Sunday, April 5, 2009

Thing 17

I decided to explore Library Thing (, of course. Uh, librarian here. It's like cataloging all my bookmarks in Delicious; I could spend forever here listing all the books I've read! Anyway, I added a bunch of books. It's very easy to do. They come with pictures of the cover art...very nice. I rated them all, from 1 to 5 stars. I mostly stuck to books I've read or reread recently. There are so many more, but it would be an impossible task to make this a complete list. I think it's best just to add things as I read them.

I added children's books and adult books. I can add tags, like in Delicious, but I haven't yet. I guess it would help other people to search my library, but I don't care about that. Users can also write reviews for books (haven't done that either). Library Thing will make "clouds" of your authors and your tags. It's not very accurate for me because I randomly added some books from my favorite authors, but not all of their books. I wish in adding books I could select several at once from the results list, but it's a one-at-a-time deal. So, the back and forth limited how many I added.

Authors have libraries on Library Thing too. I chose a couple to add to my "favorite authors." There are too many favorites to choose from here too! For someone who loves to read, this could be a neverending task.

Library Thing will also show local bookstores and book events for you. However, Library Thing believes I live in Boston. I don't know where it got that idea. I perused my profile over and over and cannot find anything that specifies such a location.

In Library Thing, you can join groups. I joined a couple, but already have places online where I chat with people and don't really have time for more of that. Yet, the groups could be useful in the future if I need to pose a question to a specific group of readers.

Library Thing gives me recommendations of books to read. However, since I didn't take the time to add every single book by authors that I have read, the suggestions are mainly more books by authors that I have listed. I've already read the recommended books, I just didn't take the time to search them all out and add them.
I never have trouble finding new books to read. I actually get kind of annoyed when someone hands me a book to read that they own, so they want it back. So, I have to read it in a timely manner and return it to them and tell them what I think. I prefer to choose my own books. Most people who do this to me have taste that is very different from mine, and I don't enjoy what they hand me.

Library Thing could be a useful tool. I could keep an account with just children's books and my students could look to see what books I read and how I rated the books. I can't even imagine the amount of time it would take to set this up. Then students would need accounts too in order to look at mine. Oy. It would be more useful to me professionally for connecting with other children's librarians. However, I see myself using it more in my personal life.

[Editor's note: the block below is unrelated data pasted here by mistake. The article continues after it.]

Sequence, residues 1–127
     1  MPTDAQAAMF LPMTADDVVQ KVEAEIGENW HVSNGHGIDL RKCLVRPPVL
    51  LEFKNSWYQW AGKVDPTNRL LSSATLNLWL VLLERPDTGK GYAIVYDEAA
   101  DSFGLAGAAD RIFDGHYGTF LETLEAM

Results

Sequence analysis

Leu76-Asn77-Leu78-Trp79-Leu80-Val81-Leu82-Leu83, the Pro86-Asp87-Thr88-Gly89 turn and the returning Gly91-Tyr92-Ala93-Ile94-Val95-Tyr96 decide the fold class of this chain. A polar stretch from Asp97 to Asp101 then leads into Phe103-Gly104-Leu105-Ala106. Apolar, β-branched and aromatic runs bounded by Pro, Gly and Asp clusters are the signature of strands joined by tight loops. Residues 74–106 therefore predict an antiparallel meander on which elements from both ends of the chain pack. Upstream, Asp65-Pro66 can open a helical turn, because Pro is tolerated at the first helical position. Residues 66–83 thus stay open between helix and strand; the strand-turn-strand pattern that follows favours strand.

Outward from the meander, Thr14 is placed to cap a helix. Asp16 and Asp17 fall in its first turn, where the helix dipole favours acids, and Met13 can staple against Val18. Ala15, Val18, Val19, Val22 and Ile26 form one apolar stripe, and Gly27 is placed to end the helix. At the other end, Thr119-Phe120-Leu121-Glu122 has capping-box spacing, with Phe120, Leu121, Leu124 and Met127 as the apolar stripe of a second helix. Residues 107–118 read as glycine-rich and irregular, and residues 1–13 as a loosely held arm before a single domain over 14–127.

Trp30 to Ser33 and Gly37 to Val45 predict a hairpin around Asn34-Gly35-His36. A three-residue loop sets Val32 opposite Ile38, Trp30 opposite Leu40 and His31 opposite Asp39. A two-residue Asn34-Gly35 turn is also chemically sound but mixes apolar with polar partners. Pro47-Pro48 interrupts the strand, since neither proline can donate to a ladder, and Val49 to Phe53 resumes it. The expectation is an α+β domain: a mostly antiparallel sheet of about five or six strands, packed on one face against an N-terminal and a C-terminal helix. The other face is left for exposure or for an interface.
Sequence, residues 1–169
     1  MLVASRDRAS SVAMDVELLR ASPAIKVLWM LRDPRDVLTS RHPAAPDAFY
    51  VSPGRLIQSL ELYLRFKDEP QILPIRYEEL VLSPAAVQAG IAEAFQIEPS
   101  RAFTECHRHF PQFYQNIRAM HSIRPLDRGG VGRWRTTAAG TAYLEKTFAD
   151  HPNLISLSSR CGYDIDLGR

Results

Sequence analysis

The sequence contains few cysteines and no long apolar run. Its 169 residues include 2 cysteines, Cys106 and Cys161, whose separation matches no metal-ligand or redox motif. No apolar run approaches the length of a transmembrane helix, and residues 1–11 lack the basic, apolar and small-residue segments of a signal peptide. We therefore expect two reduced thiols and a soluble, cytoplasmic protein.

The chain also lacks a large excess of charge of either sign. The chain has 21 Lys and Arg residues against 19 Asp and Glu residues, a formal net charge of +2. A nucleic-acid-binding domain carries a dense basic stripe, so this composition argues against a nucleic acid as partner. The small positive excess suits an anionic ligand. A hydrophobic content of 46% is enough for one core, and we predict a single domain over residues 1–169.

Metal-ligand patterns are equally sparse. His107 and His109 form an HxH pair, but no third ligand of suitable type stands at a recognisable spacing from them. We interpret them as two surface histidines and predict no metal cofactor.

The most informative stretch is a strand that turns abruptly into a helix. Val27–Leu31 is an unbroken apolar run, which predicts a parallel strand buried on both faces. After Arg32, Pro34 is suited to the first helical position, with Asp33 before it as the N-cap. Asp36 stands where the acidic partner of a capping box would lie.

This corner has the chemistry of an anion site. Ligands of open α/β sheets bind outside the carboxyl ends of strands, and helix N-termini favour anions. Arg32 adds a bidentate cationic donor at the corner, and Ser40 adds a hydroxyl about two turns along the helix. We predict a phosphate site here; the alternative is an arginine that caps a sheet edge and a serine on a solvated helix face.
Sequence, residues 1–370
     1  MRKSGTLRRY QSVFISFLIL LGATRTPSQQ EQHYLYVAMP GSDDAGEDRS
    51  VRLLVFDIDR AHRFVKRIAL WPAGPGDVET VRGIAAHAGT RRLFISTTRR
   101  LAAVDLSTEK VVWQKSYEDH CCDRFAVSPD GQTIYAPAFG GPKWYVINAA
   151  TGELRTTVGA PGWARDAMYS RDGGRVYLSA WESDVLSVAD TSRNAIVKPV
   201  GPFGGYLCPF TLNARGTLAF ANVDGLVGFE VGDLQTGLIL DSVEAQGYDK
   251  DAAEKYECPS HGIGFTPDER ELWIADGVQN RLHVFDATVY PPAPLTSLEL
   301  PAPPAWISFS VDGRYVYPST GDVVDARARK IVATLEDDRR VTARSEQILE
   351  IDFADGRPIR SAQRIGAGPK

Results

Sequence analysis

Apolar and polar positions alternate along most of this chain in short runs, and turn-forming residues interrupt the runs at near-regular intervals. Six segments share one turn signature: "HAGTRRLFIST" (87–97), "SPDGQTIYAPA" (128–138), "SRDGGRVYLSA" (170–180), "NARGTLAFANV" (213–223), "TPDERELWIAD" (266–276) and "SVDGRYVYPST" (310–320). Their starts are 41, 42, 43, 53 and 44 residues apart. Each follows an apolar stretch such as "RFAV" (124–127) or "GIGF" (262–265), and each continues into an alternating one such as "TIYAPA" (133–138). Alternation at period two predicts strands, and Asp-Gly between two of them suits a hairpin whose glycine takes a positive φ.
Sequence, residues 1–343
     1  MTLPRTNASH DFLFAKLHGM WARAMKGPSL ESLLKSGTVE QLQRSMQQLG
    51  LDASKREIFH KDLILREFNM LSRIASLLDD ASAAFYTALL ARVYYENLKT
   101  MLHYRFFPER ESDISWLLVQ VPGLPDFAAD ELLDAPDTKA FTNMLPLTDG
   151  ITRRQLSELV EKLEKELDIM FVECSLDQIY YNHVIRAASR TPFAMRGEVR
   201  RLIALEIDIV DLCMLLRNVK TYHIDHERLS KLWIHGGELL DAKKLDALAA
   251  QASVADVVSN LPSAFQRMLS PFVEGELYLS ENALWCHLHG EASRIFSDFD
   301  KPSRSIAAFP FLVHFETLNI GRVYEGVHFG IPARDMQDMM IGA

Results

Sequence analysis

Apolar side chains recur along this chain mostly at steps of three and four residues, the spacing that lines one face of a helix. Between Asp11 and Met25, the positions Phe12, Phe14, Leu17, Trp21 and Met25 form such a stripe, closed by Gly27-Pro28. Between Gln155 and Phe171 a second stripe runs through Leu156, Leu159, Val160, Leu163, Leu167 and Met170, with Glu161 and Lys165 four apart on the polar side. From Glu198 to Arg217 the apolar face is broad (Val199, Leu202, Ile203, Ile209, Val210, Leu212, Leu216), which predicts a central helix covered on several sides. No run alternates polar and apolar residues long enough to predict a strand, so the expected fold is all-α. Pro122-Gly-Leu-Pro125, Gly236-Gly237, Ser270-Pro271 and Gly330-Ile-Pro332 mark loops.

Thing 16

I'd heard about Google Docs before, but forgot about it before I ever got around to using it. I can see myself using this tool a lot, even just between my home computer and my work computer. I often had to email myself documents back and forth from work and home so I could work on them in both locations. This is much nicer!

I noticed that I lost formatting when I imported documents though. Depending on the complexity of the formatting, this could be annoying. I also didn't like that with spreadsheet documents in Google Docs, the option for saving is "Save and close." What if I just want to save it so I don't lose my work, but I'm not ready to close it? Weird. Word processing documents in Google Docs allowed me to just "Save."

One of my documents would not import into Google Docs. The site gave me two options to try. The first was to save my documents as a webpage and then import it. I did, but it didn't work. The second option was to copy my entire document and paste it into a new document in Google Docs. This worked.

I uploaded some documents for myself to work on at home and work. I also uploaded a schedule from a previous year that other teachers and I make together. If I can get them on Google Docs, we will be able to work together on this document much more easily in the future years.

In using Google Docs with students, yes, they would all need email addresses. It could be useful for students working on reports. The teacher can monitor the student's progress on Google Docs and make suggestions for editing. The student can edit, and the teacher can easily see the updates. Students can also make use of Google Docs in the same way I would, by working on their documents at home and at school.